Baked beans, brown bread and molasses are a delicious piece of my Nova Scotia heritage. My mother along with most mothers of her generation made baked beans & Maritime brown bread or biscuits every Saturday. Mom added a generous amount of molasses to her beans, tasted them and added a little bit more, and a little bit more.
I believe our family has a unique baked beans story. It happened at my Dad’s 85th birthday party at the Lockeport Fire Hall in 2006. We invited friends and family to a roast beef dinner with all the fixins’ which included homemade baked beans.
During the meal, I circulated among the tables to make sure our guests had everything they needed. As my mother’s daughter, I eavesdropped on conversations and discovered people were not talking about the tender roast beef, the silken gravy or the creamy mashed potatoes.
They were talking about the beans. This is what I heard:
- Those beans are some good.
- I wish my wife could make beans like that.
- Could you pass the beans?
- Hey, save some beans for me.
- Have you ever tasted beans like that?
- I wonder what type of beans they are.
- Could we get another bowl of beans?
- Are there any leftover beans on another table?
- Who baked those beans?
- Can I get the recipe?
Guests pretended to take bathroom breaks, when in fact, they were on the prowl for more beans, fully prepared to kidnap any they could find. They used their delicious homemade rolls to get every last drop of beans off their plates. Even the slow cooker appeared to have been licked clean. In some ways, it was like a scene from a creepy movie.
But guests were completely unaware that the beans had a big, big secret. While planning the menu, one of my sisters’-in-law volunteered to bring a very large crock pot of beans. On the eve of the dinner, she prepared to soak the beans overnight. The following morning she checked them and discovered they were still as hard as bullets. That had never happened before. Oh, well, the beans would get softer in the oven, wouldn’t they? My sister-in-law went ahead and added the molasses, onion, salt and pepper, salt pork, dry mustard, ketchup and brown sugar. She put the beans in the oven and hoped for the best.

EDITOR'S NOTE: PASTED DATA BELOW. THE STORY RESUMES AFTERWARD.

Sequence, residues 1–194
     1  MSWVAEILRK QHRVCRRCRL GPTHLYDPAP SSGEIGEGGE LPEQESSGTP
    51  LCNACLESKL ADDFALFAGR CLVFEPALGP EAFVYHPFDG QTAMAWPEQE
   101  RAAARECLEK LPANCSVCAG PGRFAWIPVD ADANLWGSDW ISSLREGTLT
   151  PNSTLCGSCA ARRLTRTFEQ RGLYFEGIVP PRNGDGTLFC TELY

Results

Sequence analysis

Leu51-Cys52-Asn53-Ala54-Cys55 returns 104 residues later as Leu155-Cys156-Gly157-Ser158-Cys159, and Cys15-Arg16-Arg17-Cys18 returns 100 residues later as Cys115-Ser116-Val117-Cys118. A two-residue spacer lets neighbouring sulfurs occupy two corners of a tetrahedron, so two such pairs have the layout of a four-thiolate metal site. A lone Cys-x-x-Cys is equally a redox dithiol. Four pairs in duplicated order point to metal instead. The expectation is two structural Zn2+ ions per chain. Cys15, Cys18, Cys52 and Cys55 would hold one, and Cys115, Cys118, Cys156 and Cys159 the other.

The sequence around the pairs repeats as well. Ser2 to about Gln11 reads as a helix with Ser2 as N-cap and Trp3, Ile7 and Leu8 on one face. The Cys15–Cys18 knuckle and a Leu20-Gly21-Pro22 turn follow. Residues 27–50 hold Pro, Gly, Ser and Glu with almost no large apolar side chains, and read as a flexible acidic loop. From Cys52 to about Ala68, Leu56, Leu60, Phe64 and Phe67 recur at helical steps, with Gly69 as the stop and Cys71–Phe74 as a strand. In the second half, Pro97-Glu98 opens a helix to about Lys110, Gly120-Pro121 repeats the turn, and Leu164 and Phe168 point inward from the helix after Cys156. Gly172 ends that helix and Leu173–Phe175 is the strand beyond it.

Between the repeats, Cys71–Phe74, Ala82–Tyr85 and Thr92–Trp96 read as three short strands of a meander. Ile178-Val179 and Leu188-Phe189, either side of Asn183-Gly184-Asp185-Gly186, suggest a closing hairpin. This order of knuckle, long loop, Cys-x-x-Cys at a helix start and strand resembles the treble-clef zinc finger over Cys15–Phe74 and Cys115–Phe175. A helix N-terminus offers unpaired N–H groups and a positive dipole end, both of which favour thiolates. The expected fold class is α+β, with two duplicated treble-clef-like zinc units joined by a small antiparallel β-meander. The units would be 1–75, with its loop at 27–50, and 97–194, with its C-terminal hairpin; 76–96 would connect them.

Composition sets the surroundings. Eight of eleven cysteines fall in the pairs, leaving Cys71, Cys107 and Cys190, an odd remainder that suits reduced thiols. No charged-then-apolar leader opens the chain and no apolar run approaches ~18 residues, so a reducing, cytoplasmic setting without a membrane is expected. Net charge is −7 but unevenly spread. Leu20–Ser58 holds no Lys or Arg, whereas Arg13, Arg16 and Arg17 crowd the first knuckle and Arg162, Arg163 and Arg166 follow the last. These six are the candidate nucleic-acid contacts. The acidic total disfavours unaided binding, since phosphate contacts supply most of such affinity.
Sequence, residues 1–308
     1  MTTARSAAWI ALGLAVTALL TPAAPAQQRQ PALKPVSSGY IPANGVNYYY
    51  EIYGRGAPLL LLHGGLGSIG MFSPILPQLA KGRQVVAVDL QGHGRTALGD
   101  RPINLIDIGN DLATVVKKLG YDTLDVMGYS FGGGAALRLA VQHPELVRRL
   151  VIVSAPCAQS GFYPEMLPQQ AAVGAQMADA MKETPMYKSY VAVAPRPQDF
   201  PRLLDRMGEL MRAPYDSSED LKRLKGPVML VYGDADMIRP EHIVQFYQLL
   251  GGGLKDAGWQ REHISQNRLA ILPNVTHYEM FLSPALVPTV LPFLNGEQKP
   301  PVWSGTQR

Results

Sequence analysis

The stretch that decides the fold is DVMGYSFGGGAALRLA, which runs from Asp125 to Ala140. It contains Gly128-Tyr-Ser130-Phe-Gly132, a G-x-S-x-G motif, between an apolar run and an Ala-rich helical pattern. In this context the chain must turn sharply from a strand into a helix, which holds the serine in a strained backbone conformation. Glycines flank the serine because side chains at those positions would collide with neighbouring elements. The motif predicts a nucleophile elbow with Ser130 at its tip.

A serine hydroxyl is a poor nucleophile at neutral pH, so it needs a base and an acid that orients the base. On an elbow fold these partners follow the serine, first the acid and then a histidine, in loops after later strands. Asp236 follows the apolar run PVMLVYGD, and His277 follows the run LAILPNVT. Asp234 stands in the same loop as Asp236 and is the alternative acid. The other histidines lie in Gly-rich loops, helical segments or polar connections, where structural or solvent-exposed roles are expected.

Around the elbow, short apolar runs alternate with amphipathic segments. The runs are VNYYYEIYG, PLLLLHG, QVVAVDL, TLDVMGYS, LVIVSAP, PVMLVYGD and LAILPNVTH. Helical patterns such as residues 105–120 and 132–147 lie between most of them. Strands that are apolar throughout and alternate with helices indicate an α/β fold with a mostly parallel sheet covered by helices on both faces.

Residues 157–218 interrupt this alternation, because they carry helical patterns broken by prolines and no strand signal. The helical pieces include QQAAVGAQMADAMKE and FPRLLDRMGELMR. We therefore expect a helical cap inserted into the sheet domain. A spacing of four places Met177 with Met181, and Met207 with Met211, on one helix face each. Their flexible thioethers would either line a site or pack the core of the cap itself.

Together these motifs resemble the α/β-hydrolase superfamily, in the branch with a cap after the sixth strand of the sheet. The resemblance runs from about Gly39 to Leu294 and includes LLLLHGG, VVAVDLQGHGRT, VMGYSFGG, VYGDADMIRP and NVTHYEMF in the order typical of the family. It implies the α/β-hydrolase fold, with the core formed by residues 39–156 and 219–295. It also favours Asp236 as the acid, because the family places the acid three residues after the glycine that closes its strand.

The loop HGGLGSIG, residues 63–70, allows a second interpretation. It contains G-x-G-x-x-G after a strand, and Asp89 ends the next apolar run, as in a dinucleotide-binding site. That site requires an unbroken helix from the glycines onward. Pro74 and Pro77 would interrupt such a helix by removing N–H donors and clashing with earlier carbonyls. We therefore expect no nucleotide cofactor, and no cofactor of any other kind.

Hours later she checked on them and they were still as hard as bullets, but why? Oh, dear, there wasn’t any time for wondering. Rather, it was time to pray for a solution and one presented itself, or did it? A restaurant, Thomson’s Drive-in (Now Anchors Away), about 40 minutes away had baked beans on the menu. My sister-in-law called the restaurant to place an order, but it was not as simple as that. They were all out of beans until their order arrived in a few days.
Strike one. Now what? Should they go to the grocery store to buy a case of canned beans?Should we skip beans at the dinner? As they were contemplating their next step, the phone rang and the call display read “Thomson’s Drive-In.” Was a modern day miracle about to happen? The restaurant staff had been digging around in the freezer and found a few bags of baked beans at the very bottom of the freezer. Eureka! The staff offered to begin warming up the frozen beans. My brother and sister-in-law grabbed their crock pot, jumped in the car and sped off to Thomson’s Drive-In to claim the beans. They delivered the beans to the fire hall and left them to heat up for dinner and no one was the wiser.
The magical beans became the big secret of the night. Only my brother and his wife knew the truth. Forget about Dad. Forget about the roast beef. Forget about birthday cake. Forget about the fabulous program we spent hours preparing. A crock pot of humble beans turned out to be the star of the evening.
I guess pessimistic Rachel Lynde from Anne of Green Gables was right when she said,